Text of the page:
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Safer skies for the flying public

New air traffic control system model will track variables without human input

University of Texas professor Constantine Caramanis and colleagues at the Massachusetts Institute of Technology (MIT) are working on a air traffic decision-making system that rapidly adapts its flight recommendations without human input based on thousands of changing variables.

The computer model Caramanis, lead researcher Cynthia Barnhart, and other colleagues from MIT are developing will monitor weather conditions as well as current airplane locations and probable routes.

"There is currently no unified decision-making framework for air traffic flow optimization," said Dr. Caramanis. "The complicated nature of the process, and the need to make quick adjustments when changes occur, will best be addressed with a mathematical model that combines theories and calculations from probability, statistics, optimization modeling, economics and game theory."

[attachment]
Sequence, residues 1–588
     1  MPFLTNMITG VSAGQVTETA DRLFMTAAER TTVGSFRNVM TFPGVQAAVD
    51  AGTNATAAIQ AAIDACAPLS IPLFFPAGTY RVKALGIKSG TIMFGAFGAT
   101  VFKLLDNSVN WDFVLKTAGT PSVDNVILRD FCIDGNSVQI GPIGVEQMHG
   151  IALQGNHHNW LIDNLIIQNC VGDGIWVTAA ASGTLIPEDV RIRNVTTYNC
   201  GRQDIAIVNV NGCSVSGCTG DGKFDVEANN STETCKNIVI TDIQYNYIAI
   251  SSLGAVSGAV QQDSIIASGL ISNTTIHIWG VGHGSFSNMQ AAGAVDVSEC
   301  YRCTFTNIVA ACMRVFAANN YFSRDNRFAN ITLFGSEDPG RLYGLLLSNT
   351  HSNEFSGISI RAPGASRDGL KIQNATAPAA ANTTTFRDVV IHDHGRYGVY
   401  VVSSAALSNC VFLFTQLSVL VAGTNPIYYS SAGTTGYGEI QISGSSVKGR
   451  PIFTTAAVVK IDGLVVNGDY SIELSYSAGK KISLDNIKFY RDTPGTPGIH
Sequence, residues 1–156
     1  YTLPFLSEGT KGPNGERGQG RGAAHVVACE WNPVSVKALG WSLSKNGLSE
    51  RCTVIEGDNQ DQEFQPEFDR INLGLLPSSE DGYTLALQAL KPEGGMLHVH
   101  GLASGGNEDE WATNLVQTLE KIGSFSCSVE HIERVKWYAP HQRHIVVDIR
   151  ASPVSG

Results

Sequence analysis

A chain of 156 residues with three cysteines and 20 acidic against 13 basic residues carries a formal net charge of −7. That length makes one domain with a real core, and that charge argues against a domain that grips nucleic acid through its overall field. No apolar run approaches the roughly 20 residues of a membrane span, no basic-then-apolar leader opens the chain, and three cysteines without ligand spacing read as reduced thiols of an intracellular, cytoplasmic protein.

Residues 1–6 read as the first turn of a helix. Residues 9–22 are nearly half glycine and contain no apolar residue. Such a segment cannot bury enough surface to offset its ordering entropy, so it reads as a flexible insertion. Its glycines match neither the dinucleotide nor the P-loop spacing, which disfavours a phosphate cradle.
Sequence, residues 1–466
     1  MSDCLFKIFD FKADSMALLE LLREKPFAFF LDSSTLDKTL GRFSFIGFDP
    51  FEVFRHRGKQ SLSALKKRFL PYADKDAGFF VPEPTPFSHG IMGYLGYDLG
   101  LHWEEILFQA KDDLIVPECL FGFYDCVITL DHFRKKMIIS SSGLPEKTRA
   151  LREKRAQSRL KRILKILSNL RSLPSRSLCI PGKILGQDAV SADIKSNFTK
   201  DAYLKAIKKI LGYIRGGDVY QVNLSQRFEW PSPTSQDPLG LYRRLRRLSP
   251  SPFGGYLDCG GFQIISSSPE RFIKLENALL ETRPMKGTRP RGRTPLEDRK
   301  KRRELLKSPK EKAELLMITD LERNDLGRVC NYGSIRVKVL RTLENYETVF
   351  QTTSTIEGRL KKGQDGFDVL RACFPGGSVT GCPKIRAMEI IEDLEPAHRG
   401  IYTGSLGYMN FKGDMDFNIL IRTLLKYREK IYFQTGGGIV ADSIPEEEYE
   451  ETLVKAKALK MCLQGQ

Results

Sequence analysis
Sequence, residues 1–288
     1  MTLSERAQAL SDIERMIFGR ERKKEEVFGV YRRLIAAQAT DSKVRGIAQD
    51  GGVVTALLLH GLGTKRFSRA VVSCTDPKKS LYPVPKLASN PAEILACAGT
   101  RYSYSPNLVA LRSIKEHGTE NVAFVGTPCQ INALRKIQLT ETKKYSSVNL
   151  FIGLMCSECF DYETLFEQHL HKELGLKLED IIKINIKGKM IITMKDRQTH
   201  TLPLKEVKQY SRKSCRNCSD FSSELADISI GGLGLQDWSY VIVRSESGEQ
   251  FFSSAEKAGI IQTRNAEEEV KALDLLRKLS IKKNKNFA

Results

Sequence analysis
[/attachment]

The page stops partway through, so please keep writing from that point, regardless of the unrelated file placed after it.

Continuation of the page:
The Federal Aviation Administration (FAA) provides each airline with a set limit of planes that can take off and land during any given timeframe. These slot decisions are based on estimates of what will optimize air traffic flow, taking into consideration imperfect weather predictions, the changing mix of flights airlines wants to move, and other variables for the thousands of flights that crisscross U.S. skies daily. The airlines then choose the flights.

While developing the air traffic optimization model, the researchers will also consider new ways to lessen delays and flight cancellations. For example, they will consider the possibility of allowing airlines to barter for slots when one airline can't get a flight off the ground and others could do so.

"The idea is to have an overarching optimization model that allows balance and flexibility to the decisions being made so that we can successfully exploit whatever slack in the system we can," Caramanis said. "Our model will have autonomous re-configurability which is the ability to adapt to new information on its own."

Stephanie Peco | EurekAlert!
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